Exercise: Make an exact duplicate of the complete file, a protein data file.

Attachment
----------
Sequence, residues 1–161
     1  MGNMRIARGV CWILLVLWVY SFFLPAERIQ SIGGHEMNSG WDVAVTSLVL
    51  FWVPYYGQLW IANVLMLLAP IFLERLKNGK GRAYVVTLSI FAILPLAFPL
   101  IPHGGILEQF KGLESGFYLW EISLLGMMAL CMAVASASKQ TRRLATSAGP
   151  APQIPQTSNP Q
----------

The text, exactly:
Sequence, residues 1–161
     1  MGNMRIARGV CWILLVLWVY SFFLPAERIQ SIGGHEMNSG WDVAVTSLVL
    51  FWVPYYGQLW IANVLMLLAP IFLERLKNGK GRAYVVTLSI FAILPLAFPL
   101  IPHGGILEQF KGLESGFYLW EISLLGMMAL CMAVASASKQ TRRLATSAGP
   151  APQIPQTSNP Q